Geri Coady on her Japanese influences, knowing when to go freelance, and how to turn your passion into a living

Geri Coady is a multi-talented UK-based designer and illustrator who loves Japanese culture and design, and is the author of A Book Apart publication Color Accessibility Workflows. With her site Geri Draws Japan, she has turned her love for the Land of the Rising Sun into a platform that sells her selection of specially created pins, patches, prints and more.

Like many creatives, Geri's career path has been far from straightforward. Having originally grown up in St John's, Newfoundland, she's travelled the world and tried out different specialisations before settling on her current setup as a freelancer who works with clients and creates her own products.

We chatted with Geri about how she got to where she is today, where her passions come from, and advice for budding freelancers who are also looking to turn their interests into an arm of their income.

How did you get started as a designer?

My pathway into design was convoluted, to say the least. As a kid, I knew I loved illustration, art, and design. I dove into it even further when I got my first computer in 1998 and immediately taught myself how to make websites. Around the same time, I discovered Paint Shop Pro and dabbled in digital art, and a few years later, I bought my first Wacom tablet, which really opened up the possibilities for me.

In St. John's, my hometown in Canada, my high school's art program was known for being the best in the province, and I took advantage of that. I signed up for every art course that my credit requirements allowed. I even remember taking the beginner's art course in my final year just to buy myself extra time in the art studio.

Despite this, I enrolled in a computer support and network admin programme once I left high school. I didn't believe I was "good enough" to have a self-sufficient career in art – especially in a relatively small, isolated city. I wanted a more secure future. So I chose tech, which I also really enjoyed. My art teacher was extremely upset with me, but I didn't want to move to Toronto or Vancouver to go to art school, and honestly, I didn't have the money anyway. Oddly enough, my art teacher didn't do a great job at helping me find a suitable career option.

The idea of graphic design and more commercialised illustration didn't cross my mind. It wasn't until I was in the computer support program that a classmate – a former graphic designer looking to change careers – saw my work and persuaded me that I was in the wrong course. I popped my name on the waitlist, and after graduating and working in software design for a few months, I started the graphic design and printing technology program at the same college.

Since then, I've bounced around between graphic design, web design, photography, and illustration. After working as an art director at a local agency for a few years, I finally made the jump into freelance and eventually started my side business.

Japan is a huge influence on your work, but where did this fascination come from? Was there a single moment or influence that sparked your interest?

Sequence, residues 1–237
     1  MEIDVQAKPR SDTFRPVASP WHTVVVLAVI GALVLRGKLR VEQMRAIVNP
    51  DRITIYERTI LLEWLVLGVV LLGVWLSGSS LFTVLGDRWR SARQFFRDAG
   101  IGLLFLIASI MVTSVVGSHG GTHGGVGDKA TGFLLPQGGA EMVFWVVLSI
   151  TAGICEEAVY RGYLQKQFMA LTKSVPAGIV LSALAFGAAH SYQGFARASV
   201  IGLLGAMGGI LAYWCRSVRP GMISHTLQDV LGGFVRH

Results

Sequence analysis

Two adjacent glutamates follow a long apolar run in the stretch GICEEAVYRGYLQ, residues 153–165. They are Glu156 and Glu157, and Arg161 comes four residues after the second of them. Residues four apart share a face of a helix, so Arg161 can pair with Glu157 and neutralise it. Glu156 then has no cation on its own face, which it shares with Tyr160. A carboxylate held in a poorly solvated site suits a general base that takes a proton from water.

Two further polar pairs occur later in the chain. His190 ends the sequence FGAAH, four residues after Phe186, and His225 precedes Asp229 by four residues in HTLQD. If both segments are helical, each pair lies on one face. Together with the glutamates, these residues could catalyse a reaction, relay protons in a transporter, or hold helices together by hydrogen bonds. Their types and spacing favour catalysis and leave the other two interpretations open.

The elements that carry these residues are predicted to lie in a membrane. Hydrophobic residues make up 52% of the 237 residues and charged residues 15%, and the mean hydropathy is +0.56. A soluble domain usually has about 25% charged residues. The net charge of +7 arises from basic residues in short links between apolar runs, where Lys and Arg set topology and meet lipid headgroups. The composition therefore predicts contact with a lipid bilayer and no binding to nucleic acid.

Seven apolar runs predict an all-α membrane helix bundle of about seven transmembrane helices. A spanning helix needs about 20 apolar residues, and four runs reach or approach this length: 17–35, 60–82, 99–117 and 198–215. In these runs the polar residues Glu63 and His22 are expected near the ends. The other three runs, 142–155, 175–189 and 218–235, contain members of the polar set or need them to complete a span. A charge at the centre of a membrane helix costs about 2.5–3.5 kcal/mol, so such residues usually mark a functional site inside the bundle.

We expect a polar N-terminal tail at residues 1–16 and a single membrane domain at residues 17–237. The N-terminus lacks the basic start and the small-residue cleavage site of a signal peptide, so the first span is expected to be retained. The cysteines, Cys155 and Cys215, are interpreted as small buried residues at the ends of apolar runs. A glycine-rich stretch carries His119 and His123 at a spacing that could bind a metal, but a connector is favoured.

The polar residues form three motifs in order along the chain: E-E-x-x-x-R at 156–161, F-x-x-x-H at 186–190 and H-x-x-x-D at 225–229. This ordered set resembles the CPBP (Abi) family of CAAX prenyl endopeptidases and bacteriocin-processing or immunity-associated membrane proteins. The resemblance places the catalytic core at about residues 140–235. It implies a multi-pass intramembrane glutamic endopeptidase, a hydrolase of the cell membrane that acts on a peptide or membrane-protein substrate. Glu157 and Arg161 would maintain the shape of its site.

It's such a long story! Basically, it wasn't the usual, expected influence of anime or manga. My interest was sparked when I met two Japanese sisters who moved to my city because of their dad's job. When I was an elementary school senior, at around twelve years old, I ended up supervising the younger girl's class during lunch breaks. I spent a lot of extra time with her, as she couldn't speak English at all.

The sisters taught me how to fold origami, write my name in Japanese, and a lot more. Sadly, they moved back to Japan after a year, and we lost touch. Once Facebook came along, I would occasionally search their names online, but it was like searching for a needle in a haystack. There's a twist, though – I'm happy to report that after 25 long years and a lot of searching, writing, and help from kind people in both Canada and Japan, I found them earlier this year! We've since reconnected, swapped gifts and stories and had some amazing catch-ups over email. And the best part is I can now do it in their own language!

As for that influence – after I met the girls, I became hyper-aware of anything relating to Japan on TV, in books or magazines. Little by little, I fell in love with the culture (and yes, eventually, I did have my teen anime phase), and it lead me to where I am today. I'm so grateful that I could directly tell them the positive influence they've had on my life.

What made you want to make the switch from working in an advertising agency to going freelance?

I feel like I'm not the only person to give credit to Jessica Hische here, but her incredible talk on Procrastiworking was what tipped me over the edge. I was in Nottingham visiting my now-husband, Simon Collison, who organised the New Adventures web conferences. Jessica spoke about the idea that what you enjoy doing in your free time should probably be what you do in your full-time job.

Of course, this isn't always a viable option for everyone – many folks rely on a certain level of privilege to make this happen. And then there's the hobby problem. Personally, I love photography as a hobby, but I know I'd probably hate it as a full-time gig.

Those points aside, the encouragement from Jessica's talk made me realise that I wasn't going to gain much more by staying at the same agency where I'd been for five years. I knew that agency was one of the best to work for in the city, especially from a work-life balance perspective, so I felt I had nowhere to go but work for myself. I left in early 2013 and didn't look back.